California Corn Salsa


Led by intrepid Peg, the FOSB went out at the same time last Saturday night to look at the Green Corn moon (bella luna).  Mysterious howling was reported later that night, dancing by light of moon was noted.  Rain occurred in parts of the country that hadn’t seen any for a month. I’m just sayin’.  The power of the FOSB.   We’ll have to do this more often.  The world needs us!

Need more magical moon?  You can listen while you read . . . but the pictures are wonderful too . . . b e l l a   b e l l a   

It’s finally the middle of August, we’ve waited a whole year for the corn to be ready again!  The very best way to eat corn begins with something not everyone has, a garden with corn in it! We grew corn out in California. . .

 . . .  it’s one thing to tickle the earth with a hoe, as they say, and have corn jump out of the ground, but Martha’s Vineyard is not California — you’re bound to run into trouble here (either too cold, too hot, too humid, too buggie, too rainy, too overcast, too something for unprofessional corn-grower me to take a chance and get my heart broken because it was set on a perfect row of corn).  But let’s pretend we all have a big garden out there in the sun filled with rows of perfect ripe corn.  If we did, and it was August, and the first corn was ripe . . .

. . . we’d fill a big kettle halfway with unsalted water, put the lid on, and bring it to a rolling boil.  Then we’d run out to the garden and pick corn (make a little basket out of our apron skirt and fill it with ears), then back to the kitchen, husk it and drop it in the water.

Then all we do is get it piping hot, as vessel for butter; fresh corn doesn’t have to be “cooked” — three minutes in the water is fine; and it’s sweet, you can eat it with nothing on it …. or slather it with plenty of butter, salt, and pepper.

My dad especially loves sweet corn — he taught us to look for the whitest corn with small tight kernels, the kind that pops off the ear into your mouth. It’s dreamy, if you can find it, your eyes roll back in your head.  I can still see all of us around our picnic table in the back yard, my four brothers, just out of the pool, barefooted, brown, and shirtless, my sisters in pink bathing suits with ruffled bottoms, corn kernels stuck to chins, butter rolling off fingers, and my dad, happy as a clam, at the head of the table, saying to my mother, “Pat, it’s so sweet, isn’t it sweet kids?”  He LOVES corn season.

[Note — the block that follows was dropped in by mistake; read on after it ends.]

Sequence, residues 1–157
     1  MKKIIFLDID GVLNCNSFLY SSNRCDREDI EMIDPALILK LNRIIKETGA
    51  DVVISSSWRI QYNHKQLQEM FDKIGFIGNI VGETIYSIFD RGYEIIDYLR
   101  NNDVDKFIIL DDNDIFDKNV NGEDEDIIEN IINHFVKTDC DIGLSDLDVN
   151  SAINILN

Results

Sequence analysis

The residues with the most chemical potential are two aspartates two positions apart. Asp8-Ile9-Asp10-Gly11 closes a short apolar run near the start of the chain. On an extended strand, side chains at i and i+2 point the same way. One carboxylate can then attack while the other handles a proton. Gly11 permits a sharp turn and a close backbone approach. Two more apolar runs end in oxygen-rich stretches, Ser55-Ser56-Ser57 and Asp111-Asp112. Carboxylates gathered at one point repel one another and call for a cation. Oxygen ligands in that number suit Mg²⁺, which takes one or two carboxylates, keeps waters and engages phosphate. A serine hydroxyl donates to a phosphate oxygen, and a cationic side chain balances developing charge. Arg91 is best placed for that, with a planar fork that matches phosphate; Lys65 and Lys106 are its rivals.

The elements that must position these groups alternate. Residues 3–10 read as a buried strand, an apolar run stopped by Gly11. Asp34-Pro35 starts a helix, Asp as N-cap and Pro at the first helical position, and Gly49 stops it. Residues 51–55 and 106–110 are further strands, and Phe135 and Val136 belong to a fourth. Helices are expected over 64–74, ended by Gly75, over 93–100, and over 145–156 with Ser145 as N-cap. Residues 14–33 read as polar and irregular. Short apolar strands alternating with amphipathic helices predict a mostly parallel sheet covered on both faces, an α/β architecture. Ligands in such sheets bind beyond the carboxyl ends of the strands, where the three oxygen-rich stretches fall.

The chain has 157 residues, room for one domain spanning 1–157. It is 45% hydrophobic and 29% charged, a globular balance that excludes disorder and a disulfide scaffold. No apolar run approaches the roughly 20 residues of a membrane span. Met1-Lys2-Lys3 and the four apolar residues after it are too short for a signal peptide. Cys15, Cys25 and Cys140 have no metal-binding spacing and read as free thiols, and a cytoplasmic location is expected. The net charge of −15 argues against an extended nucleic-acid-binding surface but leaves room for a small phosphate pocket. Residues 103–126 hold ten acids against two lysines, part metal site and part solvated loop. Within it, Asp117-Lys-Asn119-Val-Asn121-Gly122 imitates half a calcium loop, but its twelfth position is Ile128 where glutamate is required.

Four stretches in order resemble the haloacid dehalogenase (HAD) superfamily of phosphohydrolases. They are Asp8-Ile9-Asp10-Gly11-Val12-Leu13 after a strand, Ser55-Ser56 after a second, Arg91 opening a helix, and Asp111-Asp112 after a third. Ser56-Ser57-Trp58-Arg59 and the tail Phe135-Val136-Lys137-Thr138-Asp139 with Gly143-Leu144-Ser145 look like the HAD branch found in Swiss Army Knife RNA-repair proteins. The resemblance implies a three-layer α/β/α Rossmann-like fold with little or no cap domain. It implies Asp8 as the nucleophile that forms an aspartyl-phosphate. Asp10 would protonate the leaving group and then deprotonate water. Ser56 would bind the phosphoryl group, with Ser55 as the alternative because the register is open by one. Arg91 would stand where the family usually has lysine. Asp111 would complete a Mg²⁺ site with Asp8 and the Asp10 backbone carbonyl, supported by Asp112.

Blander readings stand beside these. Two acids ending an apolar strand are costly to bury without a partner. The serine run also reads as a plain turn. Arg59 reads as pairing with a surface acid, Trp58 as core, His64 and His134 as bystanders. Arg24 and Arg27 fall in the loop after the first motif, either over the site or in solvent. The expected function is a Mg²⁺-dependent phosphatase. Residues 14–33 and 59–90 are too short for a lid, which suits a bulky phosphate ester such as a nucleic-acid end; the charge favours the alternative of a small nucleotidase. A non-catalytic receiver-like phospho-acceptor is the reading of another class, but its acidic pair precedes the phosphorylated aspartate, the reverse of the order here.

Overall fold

There are all kinds of recipes some people think are “improvements” to the corn; lime butter, jalapeno butter, garlic butter, or Parmesan cheese . . . I would definitely eat that if someone served it to me, but at home, we stick to the basics.  Perfect is perfect enough for us.  Since not all of us can grow it, fresh corn from roadside stands or farmer’s markets is the way to go and worth the trip.  While you’re at it, make a few extra ears. . .

. . .    the next day cut the corn off the cob (really easy to do, wide bowl, sharp knife) and make this quick fresh salsa to serve with lime tortilla chips and a salty Margarita one of these lazy hazy days of August.

C  A  L  I  F  O  R  N  I  A   C  O  R  N    S  A  L  S  A

  • Kernels cut off of 3 ears of fresh corn (cooked or raw)
  • 1/2 red bell pepper, finely chopped
  • 1/4 c. red onion, minced
  • 1 ripe, bumpy-skinned avocado, cubed
  •  juice of one juicy lime
  • 2 Tbsp. olive oil
  • 1/2 tsp. chili powder
  • 1/4 tsp. salt
  • 1/4 c. cilantro (or to taste)

Put first four ingredients into a bowl.  Combine lime juice, olive oil, chili powder and salt, and pour over the corn. Add the cilantro, gently toss. Watch out, it’s slightly dangerous; what sometimes happens when you eat this, is THIS: 🙂

1 Response to California Corn Salsa

  1. Sonja says:

    Please send me your fruit salsa recipes from your Summer book – it has disappeared from my cookbook shelf..mmm could one of my college children taken it to their new kitchens? I’d really like to see these recipes again as I am thinking of trying to make an ice cream flavor using these flavors together.
    thank you thank you thank you

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